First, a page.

The Courage to Leave

Diaryatou Bah

June 2006 Partial manuscript in French Original publisher: Original Publisher: Editions Anne CarrièreMemoir

The inspiring story of a young woman’s struggle for freedom

Diaryatou was born in 1985 in Guinea. One of 32 children (her father had four wives), at the age of two she was sent to live with her grandparents in a little village “on the edge of the world,” where there was no electricity and the only sound was that of the birds. Although, like all young girls in the village, she underwent female genital mutilation at the age of eight, Diaryatou lived out her young years in relative tranquility.

At fourteen, an acquaintance returned to Guinea and visited the Bah home. Diaryatou’s father owed him a favor; the man suggested that Diaryatou become his wife. The man claimed to work for the European Commission in Holland, so Diaryatou would be able to have a brighter future in Europe and help her family financially. The family was torn, but decided to honor the request.

The groom did not attend his own wedding. Instead, his brother represented him “legally” in all the traditional activities. They obtained false papers for Diaryatou – she was still too young to marry – and in August 2000, she left for Holland. Her husband collected her and brought her to an apartment where he raped Diaryatou. This was her first sexual experience. Shortly thereafter her husband took her to a refugee camp, to legalize her immigration. The whole idea of papers was completely foreign to Diaryatou who thought that once you were in a place, you were there; she couldn’t understand the need for the all important ‘papers’.

In December 2000, she returned to the apartment in Rotterdam. Her husband was often absent – he had another wife with whom he lived. During the short periods when he was present, Diaryatou discovered that her husband was in fact a marabout with violent sexual tendencies. Still only fourteen years old, Diaryatou started having incredible stomach pangs. Later she learned that she had suffered a miscarriage, although she hadn’t even known she was pregnant, or even how a woman gets pregnant. When she was once again expecting a short while later, Diaryatou was happy at the idea of having a baby she could love and that would stay with her always. She carried the child to term, but when she went into labor, her husband refused to get her medical help. Only after the situation became critical, did he finally relinquish, but it was too late, the baby had died and Diaryatou only barely survived.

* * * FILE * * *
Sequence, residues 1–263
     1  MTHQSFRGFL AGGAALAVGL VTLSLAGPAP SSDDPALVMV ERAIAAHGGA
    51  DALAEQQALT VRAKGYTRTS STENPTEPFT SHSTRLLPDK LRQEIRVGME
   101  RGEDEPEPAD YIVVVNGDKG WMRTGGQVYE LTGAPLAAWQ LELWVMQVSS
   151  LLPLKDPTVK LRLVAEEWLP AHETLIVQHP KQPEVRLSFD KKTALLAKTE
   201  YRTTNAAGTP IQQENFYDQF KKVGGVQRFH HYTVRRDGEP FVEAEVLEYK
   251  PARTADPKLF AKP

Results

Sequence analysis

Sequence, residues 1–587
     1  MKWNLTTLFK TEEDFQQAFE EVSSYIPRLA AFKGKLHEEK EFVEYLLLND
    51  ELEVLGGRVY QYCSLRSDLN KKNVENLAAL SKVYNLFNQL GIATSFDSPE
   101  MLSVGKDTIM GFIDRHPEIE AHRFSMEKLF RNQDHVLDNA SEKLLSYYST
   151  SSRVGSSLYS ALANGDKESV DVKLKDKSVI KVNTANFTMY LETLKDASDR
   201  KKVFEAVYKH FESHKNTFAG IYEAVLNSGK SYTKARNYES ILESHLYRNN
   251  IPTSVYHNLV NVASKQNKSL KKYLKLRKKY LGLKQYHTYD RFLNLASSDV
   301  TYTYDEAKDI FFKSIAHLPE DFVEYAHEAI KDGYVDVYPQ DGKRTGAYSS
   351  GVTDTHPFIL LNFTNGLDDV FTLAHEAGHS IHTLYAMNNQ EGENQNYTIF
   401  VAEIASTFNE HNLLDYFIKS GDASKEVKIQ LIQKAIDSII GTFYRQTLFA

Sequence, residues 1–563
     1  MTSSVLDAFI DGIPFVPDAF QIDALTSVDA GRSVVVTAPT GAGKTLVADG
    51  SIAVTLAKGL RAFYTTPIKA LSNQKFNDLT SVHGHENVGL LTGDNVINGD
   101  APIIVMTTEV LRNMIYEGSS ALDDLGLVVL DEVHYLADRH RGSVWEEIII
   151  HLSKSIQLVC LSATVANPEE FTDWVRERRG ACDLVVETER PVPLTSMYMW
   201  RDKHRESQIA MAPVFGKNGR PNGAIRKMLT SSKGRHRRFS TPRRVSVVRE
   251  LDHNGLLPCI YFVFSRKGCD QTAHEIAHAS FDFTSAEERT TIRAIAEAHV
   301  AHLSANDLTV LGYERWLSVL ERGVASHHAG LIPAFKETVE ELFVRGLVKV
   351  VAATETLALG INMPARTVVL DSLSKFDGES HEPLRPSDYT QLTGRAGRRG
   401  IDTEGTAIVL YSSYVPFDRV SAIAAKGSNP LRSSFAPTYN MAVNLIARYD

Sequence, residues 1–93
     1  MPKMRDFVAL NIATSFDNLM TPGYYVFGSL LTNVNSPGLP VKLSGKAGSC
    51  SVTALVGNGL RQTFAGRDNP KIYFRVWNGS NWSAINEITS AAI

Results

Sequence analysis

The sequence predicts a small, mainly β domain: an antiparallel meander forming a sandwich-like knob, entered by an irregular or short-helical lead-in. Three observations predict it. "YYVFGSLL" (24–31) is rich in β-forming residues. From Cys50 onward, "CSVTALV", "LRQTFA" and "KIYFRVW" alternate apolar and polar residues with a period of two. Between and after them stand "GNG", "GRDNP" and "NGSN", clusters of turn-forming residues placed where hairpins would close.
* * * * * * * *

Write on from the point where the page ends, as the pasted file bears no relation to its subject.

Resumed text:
When her husband decided to move them to France, Diaryatou was hopeful, but the violence and rapes continued. Diaryatou spent days alone in a darkened apartment, completely isolated, sleeping and watching television. Until one day she watched a program about a young woman discussing domestic violence and explaining her escape from a cruel husband. Diaryatou decided to do the same. On January 20th 2004, Diaryatou packed her bags, taking with her everything she thought she would need including all her false papers and wedding pictures. She could not go back to her family, because of the disgrace caused by leaving her husband. Having no one to turn to, she lived on the streets before finally giving herself over to the welfare authorities and starting the long process of approval and integration. Diaryatou’s story is the gripping, moving account of young clandestine immigrant’s struggle for survival and identity — a story all too common and yet left untold in our cities today.